September 19 — The Cannon Grand Opening

The Cannon, an entrepreneurial hub in West Houston, is celebrating its new digs. Join the party to learn about coworking at The Cannon, to network with Houston's innovation ecosystem, and more.

Details: The event is from 4 to 9 pm on Thursday, September 19, at The Cannon (1336 Brittmoore Road). Invite only.

September 19 — JLABS x UH: Startup Pains: From Academia to Startup

JLABS and the University of Houston Technology Bridge present a special installment of the university's monthly Startup Pains. This month the focus is on licensing and technology transfer.

Details: The event is from 5:30 to 7 pm on Thursday, September 19, at the JLABS @ TMC (2450 Holcombe Blvd). Learn more.

September 24 — The Future of Payments: How Fintech, Crypto, and Blockchain are Transforming E-Commerce

The global economy is powered by 125 million business and payments between those businesses transacted over a variety of technologies. In the US, $2 trillion of the $58 trillion in payments generated by small business are "other" — new digital payment technologies including cryptocurrency and blockchain created by fintechs, banks and large players like Facebook and JP Morgan. Over time, the remaining $56 trillion will shift from paper checks to more digital forms. A change in the payments landscape is imminent, and in many ways, the US is behind in digital acceptance. What will this change look like? Join Vinay Pai, senior vice president of engineering at Bill.com, as he discusses.

Details: The event is from 4 to 5 pm on Tuesday, September 24, at Duncan Hall (Rice University). Learn more.

September 24 — The Eco-System of the Language Industry: Panel and Networking Event

Introducing the first Women in Localization Texas Chapter Houston Event. Winnie Heh, associate chapter manger - mentoring for the Silicon Valley Chapter, and Middlebury Institute of International Studies Career Advisor, Translation, Interpretation & Localization Management, will be presenting on importance of localization and various localization job functions available in our rapidly globalized world.

Details: The event is from 6 to 8 pm on Tuesday, September 24, at Station Houston (1301 Fannin Street, #2440). Learn more.

September 24 & 25 — Innovation Engineering Quick Start Class

Bruce G. Hall, CEO and president of eureka! inventing is teaching an abridged version of his innovation engineering course that's offered at the University of Houston. InnovationMap readers can get half off by registering through this link.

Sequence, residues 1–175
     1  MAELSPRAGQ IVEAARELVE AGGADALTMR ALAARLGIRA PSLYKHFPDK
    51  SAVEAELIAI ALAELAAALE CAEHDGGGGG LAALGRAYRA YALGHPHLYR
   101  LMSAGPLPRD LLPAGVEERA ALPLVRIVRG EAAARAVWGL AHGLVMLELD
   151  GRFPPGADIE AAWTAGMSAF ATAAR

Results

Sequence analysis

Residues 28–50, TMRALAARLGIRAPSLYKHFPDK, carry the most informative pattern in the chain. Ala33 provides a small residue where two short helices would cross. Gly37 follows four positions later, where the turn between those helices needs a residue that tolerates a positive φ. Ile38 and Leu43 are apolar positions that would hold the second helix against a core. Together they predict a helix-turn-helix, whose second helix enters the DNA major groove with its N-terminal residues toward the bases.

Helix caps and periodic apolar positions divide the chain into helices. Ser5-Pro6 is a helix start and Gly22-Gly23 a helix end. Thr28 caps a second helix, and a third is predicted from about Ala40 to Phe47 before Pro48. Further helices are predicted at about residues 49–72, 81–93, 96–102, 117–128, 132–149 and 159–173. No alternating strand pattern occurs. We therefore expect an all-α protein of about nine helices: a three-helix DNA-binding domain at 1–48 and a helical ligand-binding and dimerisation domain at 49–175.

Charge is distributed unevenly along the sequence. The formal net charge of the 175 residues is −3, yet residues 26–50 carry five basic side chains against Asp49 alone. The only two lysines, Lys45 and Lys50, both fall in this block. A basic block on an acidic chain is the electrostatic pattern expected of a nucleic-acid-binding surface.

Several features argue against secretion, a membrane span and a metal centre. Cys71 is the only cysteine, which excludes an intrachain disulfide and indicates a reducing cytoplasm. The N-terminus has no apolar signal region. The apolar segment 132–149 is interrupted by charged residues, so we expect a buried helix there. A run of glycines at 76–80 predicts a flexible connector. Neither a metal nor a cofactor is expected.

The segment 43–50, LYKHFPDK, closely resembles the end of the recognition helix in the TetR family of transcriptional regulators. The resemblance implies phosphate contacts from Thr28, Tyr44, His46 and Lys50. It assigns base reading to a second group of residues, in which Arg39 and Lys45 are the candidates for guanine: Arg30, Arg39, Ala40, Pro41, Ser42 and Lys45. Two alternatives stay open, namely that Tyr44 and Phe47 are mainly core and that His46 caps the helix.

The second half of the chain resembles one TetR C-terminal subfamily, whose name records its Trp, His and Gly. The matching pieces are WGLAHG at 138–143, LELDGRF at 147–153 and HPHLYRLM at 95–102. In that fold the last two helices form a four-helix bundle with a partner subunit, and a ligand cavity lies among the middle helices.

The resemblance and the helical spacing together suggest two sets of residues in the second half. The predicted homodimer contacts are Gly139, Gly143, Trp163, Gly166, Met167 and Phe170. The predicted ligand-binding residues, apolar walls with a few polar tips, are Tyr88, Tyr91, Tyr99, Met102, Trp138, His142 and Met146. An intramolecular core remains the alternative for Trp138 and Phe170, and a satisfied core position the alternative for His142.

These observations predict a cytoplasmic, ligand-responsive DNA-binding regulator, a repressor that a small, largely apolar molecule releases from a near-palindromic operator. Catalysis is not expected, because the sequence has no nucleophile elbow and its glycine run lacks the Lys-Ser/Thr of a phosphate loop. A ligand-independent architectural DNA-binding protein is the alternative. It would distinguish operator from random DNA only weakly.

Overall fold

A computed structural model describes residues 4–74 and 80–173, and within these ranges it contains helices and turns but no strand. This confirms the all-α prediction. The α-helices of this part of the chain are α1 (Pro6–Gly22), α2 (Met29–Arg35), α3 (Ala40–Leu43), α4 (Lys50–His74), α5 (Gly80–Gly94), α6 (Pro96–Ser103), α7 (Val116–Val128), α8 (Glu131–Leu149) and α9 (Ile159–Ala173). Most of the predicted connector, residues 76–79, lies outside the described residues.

Details: The course is on either Tuesday, September 24, or Wednesday, September 25, at Energy Corridor Marriott (16011 Katy Fwy).Learn more.

September 25 — Third Coast Innovators Mixer

Calling all innovators and entrepreneurs in the Third Coast. JLABS @ TMC is hosting a networking event with fellow innovators and entrepreneurs in the ecosystem as well as current JLABS residents and the JLABS @ TMC team.

Details: The event is from 5 to 7 pm on Wednesday, September 25, at the JLABS @ TMC (2450 Holcombe Blvd). Learn more.

September 25 — Energy Tech Night

Energy Tech Night offers insights from energy digitalization/innovation/emerging tech experts and rapid-fire pitches from the cutting edge in startups offering solutions for the energy challenges of today & tomorrow.

Details: The event is from 6:30 to 8:30 pm on Wednesday, September 25, at Saint Arnold Brewery (2000 Lyons Ave) Learn More

Breakthrough research on metastatic breast cancer, a new way to turn toxic pollutants into valuable chemicals, and an evolved brain tumor chip are three cancer-fighting treatments coming out of Houston. Getty Inages

Cancer remains to be one of the medical research community's huge focuses and challenges, and scientists in Houston are continuing to innovate new treatments and technologies to make an impact on cancer and its ripple effect.

Three research projects coming out of Houston institutions are providing solutions in the fight against cancer — from ways to monitor treatment to eliminating cancer-causing chemicals in the first place.

Baylor College of Medicine's breakthrough in breast cancer

Photo via bcm.edu

Researchers at Baylor College of Medicine and Harvard Medical School have unveiled a mechanism explains how "endocrine-resistant breast cancer acquires metastatic behavior," according to a news release from BCM. This research can be game changing for introducing new therapeutic strategies.